Lauren Duca and the Failure of 'Feminist' Self-Empowerment

Lauren Duca and the Failure of 'Feminist' Self-Empowerment

Earlier this year, Jezebel writer Anna Merlan published a lengthy investigation into Lauren Duca, a minor media celebrity best known for sparring with Tucker Carlson and misdefining the word gaslighting in an essay published shortly after Donald Trump’s election. At the time, Duca had just announced she would be teaching a summer class at NYU called “The Feminist Journalist,” billed as a program for journalism students that would “establish the imperative of interconnected motivations in the ideology of feminism and practice of journalism.” The class ended in August, and a new Buzzfeed profile of Duca reports that in the aftermath her students collectively filed a complaint about her.

Like many frequent fixtures of the subtweets between verified Twitter users, Lauren Duca—occasional columnist, one time NYU professor—is not a celebrity. (If you don’t follow New York media that closely, she’s probably never even registered on your radar!) As such, much of the writing around her viral existence comes across like workplace gossip, bereft of meaning for the everyday reader. So in new interview with Buzzfeed News’ Scaachi Koul, ahead of the release of her first book, How to Start a Revolution: Young People and the Future of American Politics, it might seem strange when Lauren Duca self-mythologizes her own perceived importance (never mind that you’re reading an essay about her) and proclaims:

“Congratulations, you thrillingly, thrillingly adept journalist, you have discovered that Lauren Duca is not perfect. Put it in the headline, baby.”

While the line seems obviously intended to insult Koul’s journalistic integrity, it’s perhaps the most honest thing Duca cops to in the lengthy interview and subsequent investigation. It was also in response to complaints that had been filed by her students at NYU, five of whom consented to be interviewed by Buzzfeed. They allege Duca was unprofessional, often sharing intimate, inappropriate details about her own personal life. There’s also the galling claim that Duca singled out an exchange student, for whom English was not her first language:

They claimed that Duca said the student “won’t have a lot to say” during class presentations, that she refused to accept assignments from this student while accepting them from others, that she called her work “basic” and “vague,” and that during one class Duca made the student cry during a one-on-one meeting.”

This tactic eerily mirrored the Huffpost staffers that spoke with Jezebel about their time working with her, which climaxed in a series of emails allegedly sent from Duca herself, calling them names like “overweight fake blonde” and “bald freak.” When pressed for a response to the students’ allegations, Duca says:

“I said, ‘You need to do the work; she cried. Like, come on. Is that targeting? What am I supposed to do? ‘You didn’t do the work; here’s a trophy’?”

This response reveals an attitude, frequently known as “girlbossing,” which claims that women’s equality is found by replicating corporate systems, only with a woman at the top. But instead of occupying this brand of power against right-wing pundits and Twitter trolls, Duca was aimed at a vulnerable young woman that had come to her for guidance and learning. While similar politics might have propelled Duca to a minor Twitter “resistance celebrity” in 2017, the idea of a white woman deflecting criticism as anti-feminist while tearing into those with less power hasn’t aged well. Her students, whether they were aware of the criticisms against Duca, agree.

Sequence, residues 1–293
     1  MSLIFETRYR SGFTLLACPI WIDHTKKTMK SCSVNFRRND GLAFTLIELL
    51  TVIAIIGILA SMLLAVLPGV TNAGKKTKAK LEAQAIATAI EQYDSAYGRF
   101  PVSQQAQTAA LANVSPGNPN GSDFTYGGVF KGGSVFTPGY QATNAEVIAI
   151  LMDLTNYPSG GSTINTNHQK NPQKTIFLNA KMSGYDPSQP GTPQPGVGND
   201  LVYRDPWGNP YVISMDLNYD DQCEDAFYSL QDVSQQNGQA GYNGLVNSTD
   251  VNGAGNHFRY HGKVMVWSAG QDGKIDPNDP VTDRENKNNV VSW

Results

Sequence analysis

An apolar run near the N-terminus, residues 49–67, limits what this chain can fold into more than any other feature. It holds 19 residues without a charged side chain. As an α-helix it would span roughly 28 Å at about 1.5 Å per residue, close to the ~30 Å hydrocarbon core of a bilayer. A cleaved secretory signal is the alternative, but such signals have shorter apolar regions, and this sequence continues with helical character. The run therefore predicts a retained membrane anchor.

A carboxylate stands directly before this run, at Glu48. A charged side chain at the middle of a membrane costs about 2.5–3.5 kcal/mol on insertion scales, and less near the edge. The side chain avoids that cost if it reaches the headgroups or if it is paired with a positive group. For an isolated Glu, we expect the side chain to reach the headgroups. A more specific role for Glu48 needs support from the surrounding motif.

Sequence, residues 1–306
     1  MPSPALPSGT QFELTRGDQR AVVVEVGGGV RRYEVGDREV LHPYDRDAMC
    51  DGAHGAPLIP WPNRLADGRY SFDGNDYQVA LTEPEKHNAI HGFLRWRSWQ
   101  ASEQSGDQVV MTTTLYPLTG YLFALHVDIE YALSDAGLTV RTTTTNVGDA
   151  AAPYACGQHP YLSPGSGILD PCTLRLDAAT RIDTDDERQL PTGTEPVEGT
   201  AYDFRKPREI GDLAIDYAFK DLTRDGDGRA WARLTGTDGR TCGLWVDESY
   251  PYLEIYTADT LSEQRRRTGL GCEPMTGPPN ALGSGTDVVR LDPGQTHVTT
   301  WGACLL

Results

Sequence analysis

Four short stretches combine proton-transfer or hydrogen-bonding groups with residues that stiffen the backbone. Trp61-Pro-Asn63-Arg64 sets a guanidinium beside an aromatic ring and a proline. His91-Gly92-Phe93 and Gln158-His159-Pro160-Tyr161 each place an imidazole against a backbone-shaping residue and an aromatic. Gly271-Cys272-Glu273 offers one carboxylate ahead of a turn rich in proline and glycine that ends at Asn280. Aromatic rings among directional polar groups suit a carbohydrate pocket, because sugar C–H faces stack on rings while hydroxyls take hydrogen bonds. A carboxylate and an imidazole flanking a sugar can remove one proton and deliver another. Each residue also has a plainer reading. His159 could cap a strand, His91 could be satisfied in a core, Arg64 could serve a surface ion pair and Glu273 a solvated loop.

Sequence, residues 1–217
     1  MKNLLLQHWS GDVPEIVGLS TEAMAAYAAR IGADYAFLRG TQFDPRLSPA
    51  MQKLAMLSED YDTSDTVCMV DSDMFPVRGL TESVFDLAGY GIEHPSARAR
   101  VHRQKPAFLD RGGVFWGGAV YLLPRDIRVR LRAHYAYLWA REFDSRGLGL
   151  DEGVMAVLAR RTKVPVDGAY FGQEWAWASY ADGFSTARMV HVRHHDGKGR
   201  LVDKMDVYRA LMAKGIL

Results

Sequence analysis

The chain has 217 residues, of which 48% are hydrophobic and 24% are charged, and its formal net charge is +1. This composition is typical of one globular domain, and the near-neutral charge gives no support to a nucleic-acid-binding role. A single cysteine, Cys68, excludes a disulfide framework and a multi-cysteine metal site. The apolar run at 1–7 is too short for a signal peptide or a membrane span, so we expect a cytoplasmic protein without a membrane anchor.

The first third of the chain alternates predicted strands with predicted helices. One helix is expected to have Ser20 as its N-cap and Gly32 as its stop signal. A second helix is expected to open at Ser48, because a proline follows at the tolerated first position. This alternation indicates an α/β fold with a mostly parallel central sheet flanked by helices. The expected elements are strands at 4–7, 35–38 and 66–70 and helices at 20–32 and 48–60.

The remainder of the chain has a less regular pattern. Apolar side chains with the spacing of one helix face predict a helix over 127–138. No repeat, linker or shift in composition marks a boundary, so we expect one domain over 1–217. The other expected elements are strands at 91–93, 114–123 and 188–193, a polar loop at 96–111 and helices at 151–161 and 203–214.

“It’s frustrating to see as a student, as a young woman, see how somebody can so clearly take advantage of the system and capitalize on her supposed wokeness while not practicing what she’s writing about.”

This sentiment pervades much of Duca’s interview with Koul, and has also been a frequent conversation point around her online presence. In both Jezebel’s initial investigation and throughout Buzzfeed News’ interview with her, Duca presents her critics as ill-intentioned adversaries: journalists not doing their job; students lodging a formal complaint against a teacher are instead considered entitled. There is little differentiation between the tenor of criticism. Instead, everyone “against” Duca is a sexist Twitter troll who would “never speak to a man like that.” Consider her response to Koul’s continued questioning about her classroom:

“You’re being so fucking hard on me, Scaachi, and I really, really, really, really would ask you if you would be grilling a man in this same way. It’s amazing. The shit that I have endured to continue to sustain a voice where I’m just fighting every inch for the same thing that I think that you want, which is public power and equality, and I’m trying my goddamn best, okay?”

Another student later admits, “Her ability to exploit the movement is really frustrating.” This particular accusation is made infinitely more glaring considering Duca’s outspoken role as a political agent—even activist—seems to ignore the defining quality of any successful movement: coalition and community building. You could easily replace “public power” with “self-empowerment” and her intent would read the same. Follow Duca’s #Girlboss politic to its obvious endpoint and “You wouldn’t criticize a man like this!” morphs into “You can’t criticize me at all”—ironically, a tactic frequently employed by powerful men. If her short-lived tenure as a journalism instructor taught anyone anything, it’s that the road to self-empowerment is frequently paved with the many women you trampled over along the way.

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